As with any medical procedure, all measures are taken to ensure that the egg donation process is very safe. Of course, there are always some risks. In rare cases, the ovaries may become enlarged with fluid due to the fertility medication, which can lead to a condition called Ovarian Hyperstimulation Syndrome (OHSS). Symptoms include abdominal pain and bloating, like a bad case of PMS. This can be treated by delaying ovulation, and in most cases, it will resolve on its own without affecting your future fertility.

One of the most important things to remember during your donation cycle is to avoid vigorous exercise. This includes running, yoga, or any other activity that involves jolting or twisting your abdomen.

The good news is that thousands of women donate eggs every year without any complications!

Another ‘risk’ to be aware of is that it is very easy to get pregnant during the donation cycle. While taking fertility drugs, you will have to stop all birth control. You will also have to commit to abstaining from intercourse during the egg donation process. It’s very important to avoid intercourse from the time you start the hormone medication until at least three weeks after the retrieval. It’s possible to become pregnant if some of your eggs are released early or if any eggs are “missed” during the retrieval. Avoiding intercourse will ensure the cycle goes as planned.

How to protect your future fertility

Whether you’re a donor or not, there are lots of ways to look after your fertility and optimize your chances of having more children. It’s all a matter of eating a healthy diet, keeping fit, and avoiding stress where possible.

Be sure to nourish your body with plenty of protein and healthy fats, as these are vital for healthy reproduction. Choose foods that are rich in antioxidants, such as brightly-colored fruits and vegetables. Raspberries, blueberries, and strawberries are packed with natural antioxidants and anti-inflammatory phytonutrients, which have been shown to boost fertility for both sexes. They’re also high in vitamin C and folic acid, which are vital for healthy fetal growth after conception. Vitamin D is also linked to successful fertility, so add plenty of oily fish like salmon, mackerel, and tuna to your diet.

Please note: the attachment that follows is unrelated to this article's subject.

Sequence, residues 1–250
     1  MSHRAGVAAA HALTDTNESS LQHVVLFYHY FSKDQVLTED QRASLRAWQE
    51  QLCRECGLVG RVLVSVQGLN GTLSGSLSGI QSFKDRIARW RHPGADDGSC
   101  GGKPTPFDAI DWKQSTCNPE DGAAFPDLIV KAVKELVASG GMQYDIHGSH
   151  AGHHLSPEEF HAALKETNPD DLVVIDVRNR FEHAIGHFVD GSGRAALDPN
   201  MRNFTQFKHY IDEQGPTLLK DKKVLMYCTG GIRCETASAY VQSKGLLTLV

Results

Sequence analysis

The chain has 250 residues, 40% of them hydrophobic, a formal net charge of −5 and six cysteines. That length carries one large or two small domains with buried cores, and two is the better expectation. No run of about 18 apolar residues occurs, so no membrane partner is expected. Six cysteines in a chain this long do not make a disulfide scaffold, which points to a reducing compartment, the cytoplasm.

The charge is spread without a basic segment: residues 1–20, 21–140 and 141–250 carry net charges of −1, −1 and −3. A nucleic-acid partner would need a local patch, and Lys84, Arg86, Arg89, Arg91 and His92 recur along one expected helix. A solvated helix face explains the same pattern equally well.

Many women who want to donate eggs still have plans for having more children, and there is no reason that the donation process will prevent them from doing this. It may even be a good story to tell your future offspring!

Staci Swiderski, CEO and owner of Family Source Consultants has been involved in the field of reproductive medicine since 2002. Staci has vigorously grown the comprehensive egg donation and gestational surrogacy agency to become a worldwide leader in the third-party reproduction field. Staci is a former intended parent herself. She and her husband welcomed their son via gestational surrogacy in 2005. Additionally, Staci had the experience of assisting an infertile couple (AKA Recipient Parents) build their family through her efforts as an egg donor, with her donation resulting in the births of their son and daughter.